“So far at least, it seems like we’ve worked well together.”
It was, after all, New Hampshire Secretary of State Bill Gardner (D), he notes, who provided the data behind Kobach’s claim of potential voter fraud in the Granite State.
NH state statistics showed about 6,500 people used an out-of-state drivers license to register to vote on Election Day, but 10 months later, only about a 1,000 had actually obtained state driver’s license.
Election officials have since explained that New Hampshire law allows
those “domiciled” in the state to vote, which includes college students who spend most of their nights in the state, but have licenses from their home states.
But von Spakovsky doesn’t buy that explanation.
“What we have found deserves an intensive investigation,” he said. “It’s very possible some that those 5,500 people have moved into the state but aren’t driving or haven’t abided by the law …. or what if there were Massachusetts residents who drove the 30 miles across the border in order to take advantage of the same-day registration law because they wanted to help ensure the outcome of the race?”
He said New Hampshire has an obligation to investigate, given the closeness of the election. Hillary Clinton
won the state over Trump by fewer than 3,000 votes
. Former Republican Sen. Kelly Ayotte, meanwhile, lost her reelection bid by just over 1,000 votes.
He doubts the 5,500 people who voted with out-of-state IDs were all students.
“If all the people who registered were between the ages of 18 and let’s say 25, maybe they all were students, but if a significant percentage of them were over the age of 25 or in their 30s, 40s or 50s, the chances they were all students is pretty slim,” von Spakovsky said.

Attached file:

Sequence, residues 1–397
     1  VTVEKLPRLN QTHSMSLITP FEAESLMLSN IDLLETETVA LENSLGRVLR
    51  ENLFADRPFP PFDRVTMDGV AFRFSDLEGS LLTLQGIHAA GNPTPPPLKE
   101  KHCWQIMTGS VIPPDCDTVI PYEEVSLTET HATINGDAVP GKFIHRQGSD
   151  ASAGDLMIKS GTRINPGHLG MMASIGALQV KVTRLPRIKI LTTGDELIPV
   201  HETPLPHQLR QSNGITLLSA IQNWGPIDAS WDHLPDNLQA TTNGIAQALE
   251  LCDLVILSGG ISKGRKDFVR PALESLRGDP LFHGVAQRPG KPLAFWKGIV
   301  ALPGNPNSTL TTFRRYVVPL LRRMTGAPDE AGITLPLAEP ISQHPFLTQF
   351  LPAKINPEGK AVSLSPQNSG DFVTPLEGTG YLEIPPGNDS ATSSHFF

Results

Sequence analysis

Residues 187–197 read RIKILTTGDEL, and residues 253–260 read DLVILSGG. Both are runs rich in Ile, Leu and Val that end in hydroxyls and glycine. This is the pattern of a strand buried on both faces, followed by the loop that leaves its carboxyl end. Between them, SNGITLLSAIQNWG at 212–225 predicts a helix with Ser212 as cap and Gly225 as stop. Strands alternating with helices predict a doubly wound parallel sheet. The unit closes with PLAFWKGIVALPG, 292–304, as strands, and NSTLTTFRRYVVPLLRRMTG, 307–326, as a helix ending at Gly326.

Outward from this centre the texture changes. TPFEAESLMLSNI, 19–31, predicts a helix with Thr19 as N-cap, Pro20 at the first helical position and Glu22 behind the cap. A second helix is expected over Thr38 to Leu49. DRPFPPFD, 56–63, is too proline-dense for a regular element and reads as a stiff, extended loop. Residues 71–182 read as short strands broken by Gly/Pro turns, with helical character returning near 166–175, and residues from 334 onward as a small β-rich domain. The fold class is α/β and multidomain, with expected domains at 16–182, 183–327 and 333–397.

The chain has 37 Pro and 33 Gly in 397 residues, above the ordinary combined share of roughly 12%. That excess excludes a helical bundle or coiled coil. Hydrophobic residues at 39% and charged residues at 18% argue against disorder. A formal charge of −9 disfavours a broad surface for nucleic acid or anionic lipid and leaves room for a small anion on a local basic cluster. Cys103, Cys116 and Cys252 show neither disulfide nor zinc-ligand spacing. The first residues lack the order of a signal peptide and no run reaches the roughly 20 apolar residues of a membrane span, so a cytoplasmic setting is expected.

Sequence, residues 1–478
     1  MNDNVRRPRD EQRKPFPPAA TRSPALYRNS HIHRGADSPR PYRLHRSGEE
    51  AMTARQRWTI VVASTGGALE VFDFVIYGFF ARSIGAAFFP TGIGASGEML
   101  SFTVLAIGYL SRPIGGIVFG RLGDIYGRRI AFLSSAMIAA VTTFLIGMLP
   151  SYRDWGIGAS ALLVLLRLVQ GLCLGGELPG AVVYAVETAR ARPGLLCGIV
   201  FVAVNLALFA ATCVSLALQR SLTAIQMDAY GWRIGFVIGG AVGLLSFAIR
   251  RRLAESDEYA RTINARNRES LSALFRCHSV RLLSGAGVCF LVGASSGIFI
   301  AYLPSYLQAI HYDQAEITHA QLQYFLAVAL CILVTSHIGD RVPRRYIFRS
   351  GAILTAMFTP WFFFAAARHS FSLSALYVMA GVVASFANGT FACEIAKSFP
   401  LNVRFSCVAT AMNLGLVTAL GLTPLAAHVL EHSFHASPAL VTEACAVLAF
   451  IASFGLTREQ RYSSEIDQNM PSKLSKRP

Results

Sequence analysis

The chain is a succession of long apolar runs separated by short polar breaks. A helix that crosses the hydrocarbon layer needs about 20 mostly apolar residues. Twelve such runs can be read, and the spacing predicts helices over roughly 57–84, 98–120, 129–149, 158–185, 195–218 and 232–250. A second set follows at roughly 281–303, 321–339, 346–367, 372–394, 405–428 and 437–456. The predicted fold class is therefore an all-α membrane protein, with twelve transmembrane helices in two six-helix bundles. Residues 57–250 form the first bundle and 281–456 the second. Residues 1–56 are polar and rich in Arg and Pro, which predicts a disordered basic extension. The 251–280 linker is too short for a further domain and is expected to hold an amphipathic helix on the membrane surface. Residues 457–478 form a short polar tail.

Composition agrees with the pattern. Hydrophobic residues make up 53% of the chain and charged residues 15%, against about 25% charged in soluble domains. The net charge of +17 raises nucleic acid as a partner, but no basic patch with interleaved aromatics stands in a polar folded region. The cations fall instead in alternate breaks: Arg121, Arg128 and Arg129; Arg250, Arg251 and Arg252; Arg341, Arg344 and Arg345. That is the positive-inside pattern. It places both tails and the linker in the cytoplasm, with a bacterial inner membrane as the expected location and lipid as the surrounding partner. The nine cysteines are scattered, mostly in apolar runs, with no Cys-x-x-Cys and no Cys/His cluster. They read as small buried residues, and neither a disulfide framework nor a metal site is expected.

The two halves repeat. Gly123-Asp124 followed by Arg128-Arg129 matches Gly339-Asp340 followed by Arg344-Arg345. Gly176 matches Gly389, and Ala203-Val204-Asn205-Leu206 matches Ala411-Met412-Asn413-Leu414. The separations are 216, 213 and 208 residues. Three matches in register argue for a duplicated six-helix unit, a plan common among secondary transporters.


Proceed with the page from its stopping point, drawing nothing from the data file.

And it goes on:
The commission has already found 1,100 instances of voter fraud. And von Spakovksy said the committee heard from a witness at its last meeting who claimed to have studied 21 states and found more than 8,000 people had voted twice.
Several voting experts have challenged that testimony from Ken Block, president of Simpatico Software System, NPR reported
The Soros-financed Brennan Center for Justice has also studied
Trump’s claim about widespread voter fraud and produced a report that “conclusively demonstrated most allegations of fraud turn out to be baseless.”
Von Spakovsky argues the Brennan Center is an advocacy group, not a think tank, and denies that the panel is alleging massive voter fraud.
“We don’t have massive voter fraud, but we do have voter fraud,” he said. “And the question is, to what extent does it occur and what steps can we take to stop it, and where could it make the difference in a close election?”
As a first-generation American, von Spakovsky credits his parents for his commitment to protecting democratic rights. His father was an officer in the White Army who fought the Bolsheviks in the Russia civil war, while his mother survived World War II.
“There’s a great saying by Ronald Reagan,” he said, paraphrasing, “that democracy is not something that’s passed on in the blood. You can lose a democracy in a generation. That’s what my father saw, and it’s really important I do everything I can to ensure we stay a great republic. It’s why I stay in the game.”